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From "LvJimmy´╝îJing" <firep...@gmail.com>
Subject Re: [VM]How to trigue GC while free native memory is low.
Date Fri, 02 Feb 2007 08:57:42 GMT
2007/2/2, Leo Li <liyilei1979@gmail.com>:
> Hi, all:
>     After applying patch3073, I added the support for direct byte buffer in
> nio module as spec requires. But now here exists a problem: The native
> memory allocated to the byte buffer can be released when gc releases the
> byte buffer object, however, if the native heap is full while java heap
> still has space, gc will not be triggered.
>     It seems that RI will start gc before native memory heap is depleted and
> thus prevents out-of-memory error.

Sounds interesting. And if RI can prevent out-memory error but Harmony
fails to do that, I think we need to improve Harmony code.

>    Then our work focuses on:
>    1. When gc is required.
>    2. Trigger a gc.
>    The first one requires that we get support from operating system, since
> the memory allocated in the native code, for example by malloc, is out of
> the control of java VM.( I have ever thought of counting the used memory in
> hymemory_allocate, but the plan fails since hymemory_free will not report
> how much space is released.)

I'm not sure, only a thought, if we can record all memory allocate
information in a table so that we can calculate when invoking free.
What's more, if we only focus on DirectByteBuffer, IMO, jni method
NewDirectByteBuffer/GetDirectBufferCapacity can easily take this task.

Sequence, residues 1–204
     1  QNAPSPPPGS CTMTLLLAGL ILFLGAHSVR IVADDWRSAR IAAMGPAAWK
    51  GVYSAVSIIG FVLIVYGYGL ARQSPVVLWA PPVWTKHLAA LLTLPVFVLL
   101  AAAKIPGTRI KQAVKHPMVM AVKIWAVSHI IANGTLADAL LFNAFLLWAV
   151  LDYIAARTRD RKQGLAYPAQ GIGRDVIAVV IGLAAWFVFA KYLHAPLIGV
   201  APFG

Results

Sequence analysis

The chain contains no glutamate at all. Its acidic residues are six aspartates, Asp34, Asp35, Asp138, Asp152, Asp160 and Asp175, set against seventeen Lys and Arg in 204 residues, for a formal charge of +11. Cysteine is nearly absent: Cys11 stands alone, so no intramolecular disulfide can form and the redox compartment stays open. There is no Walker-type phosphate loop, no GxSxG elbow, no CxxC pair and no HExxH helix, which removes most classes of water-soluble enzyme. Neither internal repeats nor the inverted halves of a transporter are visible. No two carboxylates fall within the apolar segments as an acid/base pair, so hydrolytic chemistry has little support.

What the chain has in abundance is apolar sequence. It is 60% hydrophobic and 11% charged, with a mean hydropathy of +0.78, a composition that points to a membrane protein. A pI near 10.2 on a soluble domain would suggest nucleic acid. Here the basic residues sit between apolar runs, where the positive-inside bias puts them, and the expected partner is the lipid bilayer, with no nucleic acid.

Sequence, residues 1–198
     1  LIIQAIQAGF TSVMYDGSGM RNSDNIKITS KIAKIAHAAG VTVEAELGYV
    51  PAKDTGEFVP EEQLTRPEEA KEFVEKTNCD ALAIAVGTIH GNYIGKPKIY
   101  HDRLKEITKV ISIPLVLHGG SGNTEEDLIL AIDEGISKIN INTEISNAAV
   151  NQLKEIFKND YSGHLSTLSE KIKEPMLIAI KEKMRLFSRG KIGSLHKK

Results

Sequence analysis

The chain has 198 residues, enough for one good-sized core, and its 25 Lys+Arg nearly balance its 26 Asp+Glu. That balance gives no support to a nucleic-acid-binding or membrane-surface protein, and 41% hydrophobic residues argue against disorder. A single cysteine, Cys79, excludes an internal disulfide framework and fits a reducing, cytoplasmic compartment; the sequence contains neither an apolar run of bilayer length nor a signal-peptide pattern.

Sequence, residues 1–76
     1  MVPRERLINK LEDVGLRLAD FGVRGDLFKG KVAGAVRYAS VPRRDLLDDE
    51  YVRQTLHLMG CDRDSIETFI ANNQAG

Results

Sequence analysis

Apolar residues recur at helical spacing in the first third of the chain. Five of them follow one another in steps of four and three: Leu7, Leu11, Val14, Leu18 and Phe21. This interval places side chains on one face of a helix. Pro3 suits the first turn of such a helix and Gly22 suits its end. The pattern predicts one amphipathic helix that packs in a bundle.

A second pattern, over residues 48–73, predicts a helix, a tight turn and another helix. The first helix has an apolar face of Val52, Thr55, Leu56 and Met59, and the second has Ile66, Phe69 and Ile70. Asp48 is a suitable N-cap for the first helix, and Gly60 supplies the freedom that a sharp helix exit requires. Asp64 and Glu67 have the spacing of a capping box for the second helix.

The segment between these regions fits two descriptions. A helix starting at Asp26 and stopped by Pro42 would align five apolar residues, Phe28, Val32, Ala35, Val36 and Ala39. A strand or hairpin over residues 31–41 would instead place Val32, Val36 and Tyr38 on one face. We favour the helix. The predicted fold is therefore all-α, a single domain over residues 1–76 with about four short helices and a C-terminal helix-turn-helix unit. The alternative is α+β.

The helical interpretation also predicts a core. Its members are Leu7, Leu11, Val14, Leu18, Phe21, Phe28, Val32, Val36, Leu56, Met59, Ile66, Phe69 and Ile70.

Notice these jni-methods are added in Java5 with DirectByteBuffer, I
think there may be some relation ship with DirectByteBuffer GC.
However, if we are looking forward to control all native memory, and
if we can get enough information about program memory use by system
call, I agree on this solution.
Some further questions remain, e.g, what can we do if memory is still
not big enough after GC?

>    The second one needs the help from VM. System.gc() is not so reliable as
> spec says, so it is necessary to have a internal channel to notify VM to
> start gc.
>     One solution, I think, is to let a monitor thread in VM to check whether
> OS physical memory is low. For example, the QueryMemoryResourceNotification
> of win32 API is a candidate. Although the interrupt model is more effective:
> win32 SDK provides a CreateMemoryResourceNotification to get a handler on
> which the monitor thread can wait, maybe on other platforms, OS does not
> supply such a convenience. So the monitor thread in the VM might have to
> check the OS resource once for a while and if necessary the monitor thread
> will call a GC.
>    My suggestion is first to add some function to monitor memory in portlib,
> since it is highly related to platforms and in portlib there has been
> some useful tools.(Thanks Mark to point out that.) On the other hand, we can
> negotiate a channel to trigger gc in VM. Actually I am not an expert on VM
> since I am not sure whether there has been some monitor thread and the load
> on performance if such a monitor thread is added to the VM...

I wonder where is more suitable to put this native-memory-GC code, VM
or portlib. Due to the similar mechanism of original GC, will it make
sense if we put it into VM? And I think we can avoid adding a new
monitor, e.g, just call for GC in jni method, NewDirectByteBuffer

Waiting for some VM and GC experts :)
> --
> Leo Li
> China Software Development Lab, IBM


Best Regards!

Jimmy, Jing Lv
China Software Development Lab, IBM

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